Oral & Vision Health Blog

Eating Disorders Wreak Havoc on the Teeth

Unfortunately, millions of people—especially women—in the U.S. suffer from eating disorders. The pressure to have an ideal figure can feel crushing with constant advertisements that feature stick-thin models. Approximately 1 percent of adolescent girls and 2-3 percent of young women develop anorexia or bulimia to control their weight.

Anorexia is triggered by an intense fear of weight gain. Those suffering from it control their weight through self-induced starvation. Bulimia involves secret binge eating followed by self-induced vomiting. Both are destructive to the person’s mind and body—and even their teeth.

The Teeth Tell the Tale

Anorexia and bulimia deprive the body of vitamins, minerals and other necessary nutrients that keep you healthy. Physical symptoms and medical complications include:

  • Heart failure
  • Gastric or esophagus ruptures
  • Osteoporosis
  • Heart arrhythmia
  • Shrinking of the brain
  • Discolored and dry skin
  • Swollen joints
  • Reduced muscle mass
  • Hair loss
  • Severe depression

But that’s not all. Changes in the mouth are often the first physical sign of an eating disorder. And, often, dentists are the first health care professionals to catch these signs and symptoms.

Why? Because in patients with bulimia, the frequent vomiting erodes the teeth’s enamel. And, in anorexic patients, the teeth become brittle, transparent and weak. Other oral complications include:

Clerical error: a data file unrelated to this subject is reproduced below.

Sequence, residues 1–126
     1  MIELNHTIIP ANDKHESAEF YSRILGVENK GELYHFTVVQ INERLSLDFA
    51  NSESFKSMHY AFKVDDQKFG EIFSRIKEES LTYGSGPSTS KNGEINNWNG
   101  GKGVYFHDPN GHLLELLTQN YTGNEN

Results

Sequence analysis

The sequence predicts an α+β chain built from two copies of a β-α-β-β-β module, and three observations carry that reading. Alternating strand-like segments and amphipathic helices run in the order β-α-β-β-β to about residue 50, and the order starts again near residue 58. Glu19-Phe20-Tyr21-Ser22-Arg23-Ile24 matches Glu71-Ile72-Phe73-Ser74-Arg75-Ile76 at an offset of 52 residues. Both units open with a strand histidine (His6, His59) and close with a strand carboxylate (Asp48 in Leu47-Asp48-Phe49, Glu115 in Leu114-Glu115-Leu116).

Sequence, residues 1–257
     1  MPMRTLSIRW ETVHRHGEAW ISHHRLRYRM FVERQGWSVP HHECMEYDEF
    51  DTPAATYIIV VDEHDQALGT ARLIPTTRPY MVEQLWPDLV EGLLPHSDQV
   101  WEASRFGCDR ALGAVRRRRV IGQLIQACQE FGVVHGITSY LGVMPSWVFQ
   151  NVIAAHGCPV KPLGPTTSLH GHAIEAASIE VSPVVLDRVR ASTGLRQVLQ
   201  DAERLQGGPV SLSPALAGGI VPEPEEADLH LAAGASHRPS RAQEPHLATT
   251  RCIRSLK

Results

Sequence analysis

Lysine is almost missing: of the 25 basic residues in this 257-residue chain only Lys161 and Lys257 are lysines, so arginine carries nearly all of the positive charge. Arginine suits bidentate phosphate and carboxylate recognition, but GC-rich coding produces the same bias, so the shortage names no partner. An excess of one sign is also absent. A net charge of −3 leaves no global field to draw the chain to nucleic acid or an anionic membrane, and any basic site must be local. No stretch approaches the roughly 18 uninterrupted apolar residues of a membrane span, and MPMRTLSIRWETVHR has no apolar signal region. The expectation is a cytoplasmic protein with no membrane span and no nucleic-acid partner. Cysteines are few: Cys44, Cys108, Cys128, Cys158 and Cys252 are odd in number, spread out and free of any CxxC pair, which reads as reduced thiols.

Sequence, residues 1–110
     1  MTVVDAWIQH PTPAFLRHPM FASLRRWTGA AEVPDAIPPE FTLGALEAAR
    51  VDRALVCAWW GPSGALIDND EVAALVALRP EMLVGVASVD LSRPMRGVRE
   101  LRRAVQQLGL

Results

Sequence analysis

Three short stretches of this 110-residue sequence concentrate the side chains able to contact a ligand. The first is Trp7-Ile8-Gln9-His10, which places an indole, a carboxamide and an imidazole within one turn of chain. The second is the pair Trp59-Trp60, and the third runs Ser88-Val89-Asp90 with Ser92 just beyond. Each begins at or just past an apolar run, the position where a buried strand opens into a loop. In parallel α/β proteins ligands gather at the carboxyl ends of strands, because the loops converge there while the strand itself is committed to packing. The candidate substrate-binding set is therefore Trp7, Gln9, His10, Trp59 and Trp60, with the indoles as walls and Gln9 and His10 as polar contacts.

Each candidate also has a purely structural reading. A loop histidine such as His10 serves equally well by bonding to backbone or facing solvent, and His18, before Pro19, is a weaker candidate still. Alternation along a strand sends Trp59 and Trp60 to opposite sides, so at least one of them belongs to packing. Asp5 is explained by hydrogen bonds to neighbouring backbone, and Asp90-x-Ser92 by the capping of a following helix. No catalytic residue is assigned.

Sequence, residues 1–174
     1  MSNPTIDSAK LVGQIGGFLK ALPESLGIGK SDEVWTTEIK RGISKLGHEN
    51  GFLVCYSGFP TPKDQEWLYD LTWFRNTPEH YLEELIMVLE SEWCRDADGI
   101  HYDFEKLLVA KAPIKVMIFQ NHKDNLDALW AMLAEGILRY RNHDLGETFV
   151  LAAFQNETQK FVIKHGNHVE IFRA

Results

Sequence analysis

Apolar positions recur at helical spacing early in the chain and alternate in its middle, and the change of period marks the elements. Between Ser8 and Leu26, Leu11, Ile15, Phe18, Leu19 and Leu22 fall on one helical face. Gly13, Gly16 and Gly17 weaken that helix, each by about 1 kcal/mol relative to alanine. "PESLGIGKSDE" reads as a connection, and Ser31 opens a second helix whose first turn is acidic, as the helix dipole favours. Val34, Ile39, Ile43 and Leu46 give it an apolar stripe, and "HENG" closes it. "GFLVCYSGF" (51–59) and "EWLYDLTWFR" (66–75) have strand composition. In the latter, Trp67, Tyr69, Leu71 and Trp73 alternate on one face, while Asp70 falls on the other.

• Widespread cavities
  • Tooth and gum sensitivity to temperature
  • Oral sores with ulcerations
  • Enlarged salivary glands
  • Dry mouth
  • Cracked lips
  • Changes in color, shape and length of teeth
Seek Help

There are ways to protect your teeth if you are—or someone you know is—struggling with an eating disorder. It can take people awhile to get help. So caring for your teeth in the meantime is important.

1. Rinse mouth with tap water rather than brushing teeth immediately after vomiting. Toothpaste can do further damage to weakened enamel. Wait about 20 minutes to brush.

2. Use a soft toothbrush and non-abrasive toothpaste to protect enamel.

3. Chew sugar-free gum to stimulate saliva production.

4. If possible, get a topical fluoride treatment from your dentist. Apply daily. This can prevent further tooth decay.

Most importantly, know you are not alone…and you can get help. Here is the National Eating Disorder Association’s helpline: 1.800.931.2237. Or, visit the organization’s website for information and tools. Once you’ve conquered your eating disorder, it’s a good idea to make an appointment with your dentist to get a true assessment of the damage and work together to restore your smile.

questions to ask the dentist